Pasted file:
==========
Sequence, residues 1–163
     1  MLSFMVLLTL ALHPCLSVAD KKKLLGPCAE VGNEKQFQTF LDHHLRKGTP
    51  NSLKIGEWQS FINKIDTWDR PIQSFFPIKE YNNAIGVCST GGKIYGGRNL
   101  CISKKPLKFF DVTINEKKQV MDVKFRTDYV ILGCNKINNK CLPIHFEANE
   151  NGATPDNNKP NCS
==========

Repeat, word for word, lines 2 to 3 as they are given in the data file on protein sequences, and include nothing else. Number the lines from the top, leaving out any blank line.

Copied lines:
     1  MLSFMVLLTL ALHPCLSVAD KKKLLGPCAE VGNEKQFQTF LDHHLRKGTP
    51  NSLKIGEWQS FINKIDTWDR PIQSFFPIKE YNNAIGVCST GGKIYGGRNL